Which made it almost impossible to get my key in the lock to open the door.  Especially with only one hand.  Especially in the dark.   Actually the first problem was finding the right key.  I have three keys on my key chain that are the same design, only one of which opens my front door (like most people, I have several keys on my key chain that I have no idea what lock they open). Of course I could use the flashlight on my cell phone. But with only good hand, I have no idea how I used the flashlight on my cell phone and held onto the key chain.  I had to use the process of elimination to test the three keys that had the right design to see which one was the right key for the lock. In the dark, it was almost impossible to put each key in the lock!  My voice notes don't relate how I used the flashlight and the key chain one-handed but somehow after much time and effort, I found the right key. 

As I mentioned earlier, the lock is all the way over on the right side, fairly high up.  In the dark, it would always be a challenge getting the key in there.  But now, I had to reach over and try not to trip and break my neck on my groceries (which by the way, were awfully difficult to move out of the way with only one arm).  It took me forever but I finally did it, then I had to get in the house (in the dark), climbing over the groceries.  It was quite an ordeal. 

Then I had to turn on the A/C, the lights, my PC (which I didn't really need to do) and then figure out how I was gonna get my damn groceries inside. 

Well, most of the groceries were spoiled.  All the frozen stuff was long since thawed out.  But it didn't matter, as you might remember, my shopper had made all substitutions on my frozen meals and didn't pick one that I would eat (like with the Lyft charge, I never complained about the lost money there). He didn't make any of my requested substitutions.  Some refrigerated stuff (like salad), I stuck in the fridge hoping it wasn't ruined (actually a lot of it was still usable).  There was little non-perishable stuff because I had cancelled that.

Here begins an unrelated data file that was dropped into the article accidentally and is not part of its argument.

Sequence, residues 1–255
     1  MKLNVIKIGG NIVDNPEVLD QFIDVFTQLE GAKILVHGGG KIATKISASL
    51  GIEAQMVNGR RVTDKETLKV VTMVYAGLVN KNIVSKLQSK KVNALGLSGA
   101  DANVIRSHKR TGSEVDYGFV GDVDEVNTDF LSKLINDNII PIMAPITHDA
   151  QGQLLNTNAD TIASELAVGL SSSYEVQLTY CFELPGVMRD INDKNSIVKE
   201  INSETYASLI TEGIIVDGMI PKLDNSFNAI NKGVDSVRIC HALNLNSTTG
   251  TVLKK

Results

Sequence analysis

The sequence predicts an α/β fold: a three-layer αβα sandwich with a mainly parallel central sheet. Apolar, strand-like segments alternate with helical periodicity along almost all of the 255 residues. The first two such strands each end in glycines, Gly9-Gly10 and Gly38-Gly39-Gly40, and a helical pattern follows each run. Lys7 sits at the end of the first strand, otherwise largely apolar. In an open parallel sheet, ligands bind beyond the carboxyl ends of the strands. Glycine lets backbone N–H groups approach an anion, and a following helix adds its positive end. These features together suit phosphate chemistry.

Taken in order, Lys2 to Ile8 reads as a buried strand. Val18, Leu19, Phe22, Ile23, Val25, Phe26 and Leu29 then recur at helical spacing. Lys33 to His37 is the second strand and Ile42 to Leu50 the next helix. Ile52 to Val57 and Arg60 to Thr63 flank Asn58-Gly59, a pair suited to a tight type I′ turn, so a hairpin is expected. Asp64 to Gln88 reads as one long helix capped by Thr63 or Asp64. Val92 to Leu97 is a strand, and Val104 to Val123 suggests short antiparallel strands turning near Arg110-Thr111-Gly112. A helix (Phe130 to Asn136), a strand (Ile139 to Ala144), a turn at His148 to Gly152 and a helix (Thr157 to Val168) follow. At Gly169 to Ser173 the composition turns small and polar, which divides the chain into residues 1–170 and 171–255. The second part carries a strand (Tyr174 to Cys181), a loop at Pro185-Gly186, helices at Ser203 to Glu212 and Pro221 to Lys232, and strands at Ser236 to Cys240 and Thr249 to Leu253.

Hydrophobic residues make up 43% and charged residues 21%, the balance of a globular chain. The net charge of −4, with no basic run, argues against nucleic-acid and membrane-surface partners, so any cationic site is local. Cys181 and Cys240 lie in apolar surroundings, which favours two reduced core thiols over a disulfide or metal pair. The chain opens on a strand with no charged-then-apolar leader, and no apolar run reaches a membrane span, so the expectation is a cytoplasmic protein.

Oh, and there was a 24 pack of bottled water sitting on my porch.  There was no way I could move that inside.  I just left it on my porch for days (weeks), until I started bringing it inside one bottle at a time.  Initially I couldn't even bend over to get a bottle at a time because for the first week, it hurt like hell (in my leg) to bend down to reach the floor.  So for a week, when I dropped something, it stayed dropped. 

One thing I really felt like I needed to do was….wash my hands.  I had been at the germ-infested hospital for hours and what do they always tell you…wash your hands when you've been out. 

But I couldn't wash my hands because one of them was bound useless by my side.  I was looking at who knew how many weeks before I could properly wash my hands.  I figured I was sure to die of COVID. 

What is the sound of one hand washing?  In the coming days, I somehow managed to master the art of washing my left hand one-handed, without any help from my right hand.  

I had gone way too long without eating (or taking my meds) so I somehow ate.  There was no way I was capable of figuring out how to prepare a meal so I ate some stuff that I could just open the box and stuff in my face, no cooking involved.  

I made the mistake of lying down on my couch to eat and watch TV.  Like most of my house, either intentionally or by happenstance, the couch is set up for a right handed person.  I once had the brilliant idea of putting a big coffee table in front of the couch.  Although I was able to climb into the couch, the coffee table made it well-nigh impossible to get off the couch.  I am not exaggerating, with my right arm being useless, it took me at least 20 minutes to get off the couch. 

I didn't make that mistake again, I didn't get back on that couch for another month, until I had better use of my arm.  I watched TV from my chair and also I did a lot of TV watching from my desk, on the PC.  When I wanted to lie down and watch TV, I had to use my tablet.  The trouble with that was that it was difficult to hold the tablet comfortably since I couldn't use my right hand. 

I had the hospital gown on for two or three days, until I finally figured out I could slip it off without taking off my immobilizer.  I had to kinda/sort put it back on whenever I ventured out to pick up my mail.  Very awkward. 

And of course I couldn't shower.  I mean I didn't think there was any way I could get the immobilizer back on if I took it off.  Now I did hear from Orthopedics the next day, setting up a telephone visit with an Orthopedist for a week from the accident.  A telephone visit?  How would that work? 

By the time of that e-visit, I was really ripe.  I mean, I couldn't stand being around myself, I smelled so bad.  So I was actually glad I didn't have an in-person visit with the doc—I was sure that no Lyft driver would let me in their car!